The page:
6.Brown Rice

Brown Rice

Because of its superior nutrition profile, and its various health benefits, brown rice is rapidly growing in popularity in America, replacing white rice in a lot of situations. As a whole grain food, it provides more nutrition than even enriched varieties of white rice, which has superior calories, but not much else. The nutrition of brown rice changes simple side dishes into nutritionally relevant additions. In addition to its fiber content, brown rice contains magnesium and a hearty helping of B Vitamins, most notably B-6, which is useful for a number of synthesis processes necessary for growth throughout the body.



Millet is one of a few whole grain foods flying under the radar. This is largely due to the fact that millet has nearly 33% more B Vitamins than brown rice and a wider variety of them. It also has four times the iron content. While millet is popular in many other countries, it’s not exactly a staple in America. Perhaps it should be- after all, it’s favored in developing countries as a result of its short growing time. The other nutritional perks of millet include a rich mineral content. It has impressive levels of manganese, magnesium, phosphorous and zinc.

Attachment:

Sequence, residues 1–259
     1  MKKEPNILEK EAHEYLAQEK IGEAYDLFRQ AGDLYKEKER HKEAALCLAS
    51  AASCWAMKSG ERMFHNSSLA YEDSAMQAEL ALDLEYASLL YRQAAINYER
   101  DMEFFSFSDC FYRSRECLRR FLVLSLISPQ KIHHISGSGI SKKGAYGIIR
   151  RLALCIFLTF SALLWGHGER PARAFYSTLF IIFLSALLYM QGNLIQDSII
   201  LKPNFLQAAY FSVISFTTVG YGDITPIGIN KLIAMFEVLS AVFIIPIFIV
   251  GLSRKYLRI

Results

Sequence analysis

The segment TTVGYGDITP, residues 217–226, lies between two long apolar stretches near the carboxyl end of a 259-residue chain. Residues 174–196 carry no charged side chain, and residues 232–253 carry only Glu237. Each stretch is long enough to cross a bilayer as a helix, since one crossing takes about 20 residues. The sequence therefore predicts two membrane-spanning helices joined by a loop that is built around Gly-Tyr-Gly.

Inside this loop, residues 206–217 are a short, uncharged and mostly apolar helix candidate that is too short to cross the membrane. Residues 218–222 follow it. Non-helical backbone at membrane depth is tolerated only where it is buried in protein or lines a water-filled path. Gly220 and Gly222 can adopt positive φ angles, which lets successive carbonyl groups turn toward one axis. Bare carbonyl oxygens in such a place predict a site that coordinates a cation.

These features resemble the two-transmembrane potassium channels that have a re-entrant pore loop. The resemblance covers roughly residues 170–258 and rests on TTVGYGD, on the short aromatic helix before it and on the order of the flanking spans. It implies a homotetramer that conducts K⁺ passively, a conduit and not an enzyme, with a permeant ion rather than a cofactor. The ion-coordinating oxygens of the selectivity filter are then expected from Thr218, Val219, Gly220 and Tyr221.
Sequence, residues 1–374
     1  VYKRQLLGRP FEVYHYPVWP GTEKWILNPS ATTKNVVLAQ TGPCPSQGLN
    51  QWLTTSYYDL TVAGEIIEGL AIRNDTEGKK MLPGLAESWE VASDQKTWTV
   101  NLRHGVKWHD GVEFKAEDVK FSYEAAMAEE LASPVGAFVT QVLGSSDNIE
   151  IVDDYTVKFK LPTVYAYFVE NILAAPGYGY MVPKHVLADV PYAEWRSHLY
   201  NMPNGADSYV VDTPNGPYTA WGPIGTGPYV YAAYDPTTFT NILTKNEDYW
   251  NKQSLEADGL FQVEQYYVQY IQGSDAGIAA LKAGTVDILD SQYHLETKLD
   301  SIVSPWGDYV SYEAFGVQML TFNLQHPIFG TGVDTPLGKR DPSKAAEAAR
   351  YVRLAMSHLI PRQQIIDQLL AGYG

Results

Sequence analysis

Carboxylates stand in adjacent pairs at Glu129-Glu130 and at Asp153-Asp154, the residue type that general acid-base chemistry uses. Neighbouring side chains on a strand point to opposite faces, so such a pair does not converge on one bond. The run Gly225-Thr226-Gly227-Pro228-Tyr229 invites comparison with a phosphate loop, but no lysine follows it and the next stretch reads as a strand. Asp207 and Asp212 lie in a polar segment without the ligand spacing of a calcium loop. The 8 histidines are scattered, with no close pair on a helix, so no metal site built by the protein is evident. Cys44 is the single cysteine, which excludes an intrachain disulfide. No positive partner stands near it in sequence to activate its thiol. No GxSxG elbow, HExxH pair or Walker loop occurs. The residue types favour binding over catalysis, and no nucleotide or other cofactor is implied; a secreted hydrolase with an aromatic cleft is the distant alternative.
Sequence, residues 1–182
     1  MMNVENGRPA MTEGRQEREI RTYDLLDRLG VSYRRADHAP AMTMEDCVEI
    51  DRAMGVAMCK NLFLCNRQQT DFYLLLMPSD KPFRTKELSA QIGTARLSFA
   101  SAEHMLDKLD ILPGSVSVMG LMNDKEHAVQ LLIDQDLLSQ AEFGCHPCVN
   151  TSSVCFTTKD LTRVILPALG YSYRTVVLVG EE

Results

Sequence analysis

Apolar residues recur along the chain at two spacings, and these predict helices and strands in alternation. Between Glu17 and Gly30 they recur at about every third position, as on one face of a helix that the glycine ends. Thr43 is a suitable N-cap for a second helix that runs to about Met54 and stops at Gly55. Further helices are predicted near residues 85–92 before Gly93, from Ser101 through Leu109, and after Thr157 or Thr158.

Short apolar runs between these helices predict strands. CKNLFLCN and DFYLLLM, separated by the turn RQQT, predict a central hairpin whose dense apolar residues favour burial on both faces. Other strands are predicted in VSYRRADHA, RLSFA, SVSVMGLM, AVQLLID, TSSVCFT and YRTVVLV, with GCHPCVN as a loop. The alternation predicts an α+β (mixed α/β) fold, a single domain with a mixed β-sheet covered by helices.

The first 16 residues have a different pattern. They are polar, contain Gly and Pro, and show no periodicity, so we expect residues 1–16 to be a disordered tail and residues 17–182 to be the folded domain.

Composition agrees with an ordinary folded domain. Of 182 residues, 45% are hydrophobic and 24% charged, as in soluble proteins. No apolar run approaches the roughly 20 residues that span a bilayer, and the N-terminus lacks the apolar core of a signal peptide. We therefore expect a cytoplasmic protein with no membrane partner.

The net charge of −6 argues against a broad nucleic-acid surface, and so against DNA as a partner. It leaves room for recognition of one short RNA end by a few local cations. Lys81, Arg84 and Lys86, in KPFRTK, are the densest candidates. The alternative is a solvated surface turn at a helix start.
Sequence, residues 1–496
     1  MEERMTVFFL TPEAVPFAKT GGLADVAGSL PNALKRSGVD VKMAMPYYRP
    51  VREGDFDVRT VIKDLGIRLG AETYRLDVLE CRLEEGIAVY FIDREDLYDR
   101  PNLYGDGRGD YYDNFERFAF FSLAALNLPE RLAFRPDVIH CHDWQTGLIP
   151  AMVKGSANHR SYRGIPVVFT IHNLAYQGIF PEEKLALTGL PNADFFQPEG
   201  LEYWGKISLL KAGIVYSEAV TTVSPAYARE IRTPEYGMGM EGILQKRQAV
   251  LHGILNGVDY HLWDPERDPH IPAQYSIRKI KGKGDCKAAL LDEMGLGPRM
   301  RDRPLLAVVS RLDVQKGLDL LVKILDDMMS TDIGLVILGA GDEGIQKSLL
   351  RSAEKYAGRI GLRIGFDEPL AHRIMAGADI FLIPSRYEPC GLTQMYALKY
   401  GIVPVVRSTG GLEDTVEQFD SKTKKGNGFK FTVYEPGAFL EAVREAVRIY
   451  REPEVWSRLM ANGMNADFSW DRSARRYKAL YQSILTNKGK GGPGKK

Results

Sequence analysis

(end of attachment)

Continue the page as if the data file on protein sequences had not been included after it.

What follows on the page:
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Because of its nutrient payload, Quinoa is a great substitute for rice in many ways. Its nutrient content outshines rice, certainly white rice. Perhaps more importantly, quinoa is what is known as a complete protein, which means it contains all 9 of the essential amino acids in adequate amounts. Because of this, along with its gluten-free nature, quinoa is an excellent food for those with gluten allergies, Celiac’s disease, or anyone who lives a vegan or vegetarian lifestyle. It also has flavonoids that protect health with anti-inflammatory and antiviral function and has even been proven to have anti-depressant effects.



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